Generally, the bankruptcy code does not allow a consumer to use bankruptcy to force a bank to modify their home mortgage. However, at this time, consumers filing Chapter 13 in Northern California bankruptcy courts located in Oakland, San Jose, Salinas, Santa Rosa, or San Francisco can ask their mortgage lender for a mortgage modification. While the modification is pending, the consumers can propose a Chapter 13 plan where they pay 31% of their gross income towards their housing cost. While the mortgage modification is being evaluated, and while the consumer is paying 31% of her income towards housing expenses, and while the bankruptcy case is active, the consumer can keep her house.
Contact us online or call (408) 465-4472 to speak with a loan modification attorney in California.
The bankruptcy court will not order the bank to modify the consumer's home mortgage. However, the court may protect the home from foreclosure while the mortgage modification is being evaluated.
Because the Northern District courts offer this program, we encourage debtors to obtain bankruptcy protection as soon as they consider mortgage modification.
Moving quickly to obtain bankruptcy protection has several advantages:
On the other hand, if a homeowner files bankruptcy after the mortgage company records a Notice of Default in the county recorder's office, the bankruptcy protection will be drastically reduced. In fact, the mortgage lender may be able to hold a foreclosure auction within four weeks of denying the modification.
For these reasons, we believe homeowners in Del Norte, Humboldt, Mendocino, Lake, Napa, Sonoma, Marin, San Francisco, Contra Costa, Alameda, Santa Cruz, Santa Clara, San Benito, and Monterey counties should seek bankruptcy protection before seeking a mortgage modification.
Unfortunately, other courts do not have this policy. Therefore debtors who file for chapter 13 bankruptcy in Sacramento, Modesto, Bakersfield, and Fresno, cannot invoke protection against foreclosure by proposing to pay 31% of their income towards housing expenses. In those courts, debtors who wish to keep their home must pay their regular mortgage payments, at least for the first mortgage. Furthermore, if the debtors are behind on their mortgage, they must propose a plan to catch up or "cure" within five years.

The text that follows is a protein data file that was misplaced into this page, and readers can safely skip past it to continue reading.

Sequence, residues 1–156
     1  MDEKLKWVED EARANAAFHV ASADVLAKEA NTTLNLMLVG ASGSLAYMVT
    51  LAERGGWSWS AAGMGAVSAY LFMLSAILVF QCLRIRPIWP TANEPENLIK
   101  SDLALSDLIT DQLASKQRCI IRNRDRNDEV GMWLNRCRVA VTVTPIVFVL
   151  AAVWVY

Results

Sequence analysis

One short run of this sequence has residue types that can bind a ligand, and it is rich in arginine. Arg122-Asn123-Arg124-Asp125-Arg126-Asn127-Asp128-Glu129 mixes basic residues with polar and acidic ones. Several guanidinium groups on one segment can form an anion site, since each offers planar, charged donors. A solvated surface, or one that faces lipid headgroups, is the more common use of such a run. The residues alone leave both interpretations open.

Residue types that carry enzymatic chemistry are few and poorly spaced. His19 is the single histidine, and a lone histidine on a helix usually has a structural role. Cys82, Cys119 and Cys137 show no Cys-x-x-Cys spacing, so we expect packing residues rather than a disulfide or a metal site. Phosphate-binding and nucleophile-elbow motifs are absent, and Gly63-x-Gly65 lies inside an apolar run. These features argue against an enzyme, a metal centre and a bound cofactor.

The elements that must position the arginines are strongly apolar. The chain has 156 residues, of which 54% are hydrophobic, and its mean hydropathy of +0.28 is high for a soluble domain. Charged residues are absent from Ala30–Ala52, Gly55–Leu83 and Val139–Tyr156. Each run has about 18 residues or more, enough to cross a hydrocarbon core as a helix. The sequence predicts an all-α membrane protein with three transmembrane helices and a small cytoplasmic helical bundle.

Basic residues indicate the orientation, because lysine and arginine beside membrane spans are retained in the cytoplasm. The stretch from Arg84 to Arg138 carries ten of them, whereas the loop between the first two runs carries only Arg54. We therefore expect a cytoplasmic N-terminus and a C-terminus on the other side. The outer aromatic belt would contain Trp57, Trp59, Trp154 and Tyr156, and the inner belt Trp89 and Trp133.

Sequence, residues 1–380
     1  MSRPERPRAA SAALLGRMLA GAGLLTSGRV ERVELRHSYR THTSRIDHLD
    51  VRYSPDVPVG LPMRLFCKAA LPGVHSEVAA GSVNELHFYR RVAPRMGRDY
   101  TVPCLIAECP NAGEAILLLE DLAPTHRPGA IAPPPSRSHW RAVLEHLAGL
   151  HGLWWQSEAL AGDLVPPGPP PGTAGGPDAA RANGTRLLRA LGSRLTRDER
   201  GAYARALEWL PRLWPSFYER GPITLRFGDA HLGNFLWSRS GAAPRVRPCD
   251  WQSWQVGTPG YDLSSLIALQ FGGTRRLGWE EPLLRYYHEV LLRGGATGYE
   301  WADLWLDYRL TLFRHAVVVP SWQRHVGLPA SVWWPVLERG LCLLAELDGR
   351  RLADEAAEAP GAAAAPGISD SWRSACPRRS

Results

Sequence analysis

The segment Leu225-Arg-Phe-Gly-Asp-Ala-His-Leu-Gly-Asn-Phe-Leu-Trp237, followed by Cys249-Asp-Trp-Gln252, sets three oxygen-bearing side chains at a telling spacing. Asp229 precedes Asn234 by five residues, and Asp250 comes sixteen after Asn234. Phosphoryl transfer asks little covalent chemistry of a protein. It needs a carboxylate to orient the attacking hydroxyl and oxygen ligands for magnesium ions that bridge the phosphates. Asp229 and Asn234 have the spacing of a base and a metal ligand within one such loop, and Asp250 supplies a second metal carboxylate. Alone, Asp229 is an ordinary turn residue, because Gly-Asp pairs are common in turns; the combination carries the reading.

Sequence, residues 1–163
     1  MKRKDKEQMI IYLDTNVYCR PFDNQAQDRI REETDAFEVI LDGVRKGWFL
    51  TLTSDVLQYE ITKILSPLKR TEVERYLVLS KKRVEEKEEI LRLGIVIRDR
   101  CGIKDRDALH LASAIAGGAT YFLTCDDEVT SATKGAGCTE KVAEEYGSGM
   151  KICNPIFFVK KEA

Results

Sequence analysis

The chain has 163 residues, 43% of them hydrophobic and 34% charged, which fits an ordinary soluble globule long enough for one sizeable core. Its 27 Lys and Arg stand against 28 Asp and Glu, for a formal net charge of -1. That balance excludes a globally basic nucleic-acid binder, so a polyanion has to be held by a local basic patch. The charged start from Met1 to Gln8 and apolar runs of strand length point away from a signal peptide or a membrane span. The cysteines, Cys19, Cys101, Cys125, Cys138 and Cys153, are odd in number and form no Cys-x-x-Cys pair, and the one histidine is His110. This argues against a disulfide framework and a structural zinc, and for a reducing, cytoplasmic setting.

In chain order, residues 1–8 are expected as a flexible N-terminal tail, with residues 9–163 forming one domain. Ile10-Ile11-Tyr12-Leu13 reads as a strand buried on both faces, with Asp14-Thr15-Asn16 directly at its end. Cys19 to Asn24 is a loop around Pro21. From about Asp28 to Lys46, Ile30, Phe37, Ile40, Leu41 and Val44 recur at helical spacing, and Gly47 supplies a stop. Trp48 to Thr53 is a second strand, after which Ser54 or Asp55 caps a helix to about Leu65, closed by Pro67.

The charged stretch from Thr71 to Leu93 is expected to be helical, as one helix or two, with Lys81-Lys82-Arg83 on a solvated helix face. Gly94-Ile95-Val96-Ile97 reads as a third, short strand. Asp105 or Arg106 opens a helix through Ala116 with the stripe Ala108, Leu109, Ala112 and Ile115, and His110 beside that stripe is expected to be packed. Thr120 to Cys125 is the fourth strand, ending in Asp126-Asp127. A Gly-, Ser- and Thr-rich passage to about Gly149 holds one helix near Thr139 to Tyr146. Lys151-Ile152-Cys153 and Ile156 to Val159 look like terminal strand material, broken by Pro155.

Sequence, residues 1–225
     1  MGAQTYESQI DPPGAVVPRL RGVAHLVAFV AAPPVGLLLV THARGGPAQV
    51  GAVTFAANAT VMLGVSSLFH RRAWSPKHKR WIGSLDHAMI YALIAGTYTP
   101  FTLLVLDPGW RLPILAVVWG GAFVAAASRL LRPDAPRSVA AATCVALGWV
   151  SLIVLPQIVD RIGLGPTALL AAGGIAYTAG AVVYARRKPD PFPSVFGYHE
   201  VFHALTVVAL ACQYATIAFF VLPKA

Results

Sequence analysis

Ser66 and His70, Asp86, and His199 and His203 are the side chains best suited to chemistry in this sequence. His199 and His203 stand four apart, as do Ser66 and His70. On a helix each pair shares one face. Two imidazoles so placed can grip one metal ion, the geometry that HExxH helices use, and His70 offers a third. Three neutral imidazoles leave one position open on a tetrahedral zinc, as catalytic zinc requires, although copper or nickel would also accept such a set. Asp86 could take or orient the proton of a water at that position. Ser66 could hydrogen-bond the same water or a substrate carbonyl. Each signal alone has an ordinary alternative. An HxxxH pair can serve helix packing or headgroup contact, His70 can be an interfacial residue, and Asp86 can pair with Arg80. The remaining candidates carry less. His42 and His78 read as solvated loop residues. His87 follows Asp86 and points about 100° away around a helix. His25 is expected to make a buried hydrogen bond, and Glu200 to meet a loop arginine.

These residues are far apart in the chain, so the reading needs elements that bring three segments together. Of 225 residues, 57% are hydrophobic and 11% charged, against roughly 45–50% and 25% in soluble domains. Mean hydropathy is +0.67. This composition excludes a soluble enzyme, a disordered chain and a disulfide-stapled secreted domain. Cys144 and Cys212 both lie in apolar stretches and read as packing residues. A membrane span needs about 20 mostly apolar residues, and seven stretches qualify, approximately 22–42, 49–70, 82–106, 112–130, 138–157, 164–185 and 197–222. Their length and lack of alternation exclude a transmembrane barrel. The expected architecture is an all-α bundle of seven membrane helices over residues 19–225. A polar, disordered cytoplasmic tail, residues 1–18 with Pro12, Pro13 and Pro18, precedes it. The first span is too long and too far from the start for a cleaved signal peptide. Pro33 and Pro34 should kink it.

California laws enacted after the real estate downturn now makes it illegal for anyone, including attorneys or real estate professionals, to charge money upfront for mortgage modification services. This means that any legitimate mortgage modification service must complete all services before charging any money. If you are approached by any person or organization that promises to help you modify your mortgage, and demands money upfront, BEWARE! It doesn't matter how they charge the money. Whether they call it "document review fee" or "forensic examination fee" or "Mortgage Modification qualification evaluation," what they are proposing to do is against the law. Anyone who is prepared to openly break the law cannot be trusted to provide quality service.
Additionally, California law makes it illegal to break down the service into parts, in order to collect money piecemeal. Therefore, if anyone charges separately for "document preparation" and "lender communication" their conduct is probably also illegal.
Reputable mortgage modification service providers will not charge you anything until after all work is completed.By Sam Taherian
Seeking to assist individuals and families throughout Northern California, Sam Taherian is highly knowledgeable when it comes to pursuing bankruptcy. Handling everything from Chapter 7 filings to Chapter 11 and everything in between, contact our office no matter what financial crisis you may be experiencing. He is on the Board of Directors for a non-profit public service group called the Bay Area Bankruptcy Forum and is committed to providing help when you need it most.